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|Basic Description||Here is a great example of the power of doing it yourself. Despite also owning a few high-tech yo-yos, this homemade yo-yo is the one I use most often. The size and shape are all custom fit to my hand. Most importantly, the fact that I made it incorporates a level of satisfaction to yo-yoing that a manufactured yo-yo cannot match. This is a simple and classic project that also makes a great gift, and you won't believe the functionality that you can create.|
Next we need to complete the axle. If your drill bit was undersized (most drill bits are not exactly what they claim to be), they you can use a 1/4" (6mm) hardwood dowel providing that it is not undersized as well. You want the axle to have to be pressed into the holes in the yo-yo discs. If they can be slid in with hand strength then they are definitely too small. The best thing to do is to choose a larger diameter dowel and sand it down to the desired size. We cut a 5/16" (7mm) diameter dowel to about 4" (10cm) long (to make two yo-yo axles). Clamp this dowel into the drill press chuck and using a coarse sandpaper (we used 100 grit), evenly sand the dowel. Resist the temptation of wrapping the sandpaper around the dowel: just place it on one edge as you did in step 6. Stop at the point when you are almost able to slide a yo-yo disc onto the dowel. If you have a vernier, the dowel should be about .01" (.25mm) larger than the hole.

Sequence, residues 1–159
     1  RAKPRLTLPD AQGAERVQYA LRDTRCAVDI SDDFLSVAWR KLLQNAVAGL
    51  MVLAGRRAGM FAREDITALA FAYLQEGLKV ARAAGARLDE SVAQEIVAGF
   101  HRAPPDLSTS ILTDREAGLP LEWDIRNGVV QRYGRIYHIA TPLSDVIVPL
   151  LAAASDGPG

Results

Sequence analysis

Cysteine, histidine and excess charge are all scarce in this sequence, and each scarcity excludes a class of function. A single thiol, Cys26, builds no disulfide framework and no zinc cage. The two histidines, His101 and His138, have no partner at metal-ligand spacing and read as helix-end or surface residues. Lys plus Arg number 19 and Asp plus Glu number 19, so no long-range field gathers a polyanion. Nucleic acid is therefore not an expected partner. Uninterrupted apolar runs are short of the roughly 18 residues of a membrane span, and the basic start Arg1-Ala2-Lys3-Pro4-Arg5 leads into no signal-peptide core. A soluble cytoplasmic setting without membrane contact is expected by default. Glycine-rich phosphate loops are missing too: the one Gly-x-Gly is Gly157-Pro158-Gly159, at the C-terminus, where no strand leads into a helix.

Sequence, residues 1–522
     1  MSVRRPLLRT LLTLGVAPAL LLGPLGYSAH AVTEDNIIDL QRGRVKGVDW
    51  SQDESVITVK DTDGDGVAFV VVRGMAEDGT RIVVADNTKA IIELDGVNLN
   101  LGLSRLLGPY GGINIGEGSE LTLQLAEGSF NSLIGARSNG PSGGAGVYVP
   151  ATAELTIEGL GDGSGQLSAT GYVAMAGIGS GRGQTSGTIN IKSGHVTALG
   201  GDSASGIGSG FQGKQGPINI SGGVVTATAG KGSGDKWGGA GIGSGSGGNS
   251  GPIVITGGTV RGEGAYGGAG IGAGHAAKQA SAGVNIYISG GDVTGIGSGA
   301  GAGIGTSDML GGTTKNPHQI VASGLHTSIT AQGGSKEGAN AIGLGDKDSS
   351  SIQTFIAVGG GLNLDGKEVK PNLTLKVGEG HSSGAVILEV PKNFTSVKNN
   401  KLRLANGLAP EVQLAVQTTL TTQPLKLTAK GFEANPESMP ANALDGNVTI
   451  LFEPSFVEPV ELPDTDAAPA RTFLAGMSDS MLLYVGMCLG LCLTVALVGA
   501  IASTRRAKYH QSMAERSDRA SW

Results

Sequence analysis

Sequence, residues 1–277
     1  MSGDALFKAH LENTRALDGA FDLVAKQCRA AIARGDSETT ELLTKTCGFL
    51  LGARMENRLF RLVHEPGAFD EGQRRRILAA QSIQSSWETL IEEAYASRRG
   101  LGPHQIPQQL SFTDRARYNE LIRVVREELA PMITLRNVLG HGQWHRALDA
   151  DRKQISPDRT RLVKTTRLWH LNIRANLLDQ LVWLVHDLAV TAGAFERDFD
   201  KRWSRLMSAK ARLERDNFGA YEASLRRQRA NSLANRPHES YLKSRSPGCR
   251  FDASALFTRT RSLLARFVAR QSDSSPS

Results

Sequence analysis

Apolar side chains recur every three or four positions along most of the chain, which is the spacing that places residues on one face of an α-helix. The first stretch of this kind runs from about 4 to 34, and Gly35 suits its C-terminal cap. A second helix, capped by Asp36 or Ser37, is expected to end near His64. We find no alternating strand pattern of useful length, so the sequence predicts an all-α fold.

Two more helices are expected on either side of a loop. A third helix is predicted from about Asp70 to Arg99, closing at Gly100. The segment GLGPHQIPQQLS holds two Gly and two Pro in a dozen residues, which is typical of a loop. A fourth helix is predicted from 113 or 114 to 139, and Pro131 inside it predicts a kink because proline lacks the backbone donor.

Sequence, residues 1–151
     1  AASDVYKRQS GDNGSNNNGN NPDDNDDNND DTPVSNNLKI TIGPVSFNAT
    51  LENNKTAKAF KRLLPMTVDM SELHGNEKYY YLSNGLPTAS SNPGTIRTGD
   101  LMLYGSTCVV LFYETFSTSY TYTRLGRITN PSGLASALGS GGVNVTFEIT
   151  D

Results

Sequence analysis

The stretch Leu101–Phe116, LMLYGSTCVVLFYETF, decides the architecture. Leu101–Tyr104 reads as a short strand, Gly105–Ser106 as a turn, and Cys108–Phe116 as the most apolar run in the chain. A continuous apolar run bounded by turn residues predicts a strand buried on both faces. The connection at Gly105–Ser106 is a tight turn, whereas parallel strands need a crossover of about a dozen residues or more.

Once you have sanded the dowel to the correct diameter, let's cut it to the proper length. The length should be the width of the two yo-yo discs plus 3/32 of an inch (2.5mm). Stack the two yo-yo discs on a flat surface, and measure both of them together to accomplish this. The 3/32" (2.5mm) is the desired gap between the two discs. You should cut off some of the end of the dowel because it tends to get a little more sanding than the rest of the dowel and thus has a slightly narrower diameter. Mark the desired length and cut it on the bandsaw, slightly oversized. Then sand the ends down on the disc sander to achieve the proper length. Remember not to keep the dowel in contact with the sander for more than a short moment -- doing so will burn the dowel. You can also sand a small chamfer on both ends of the dowel to make it easier to insert the dowel into the holes.
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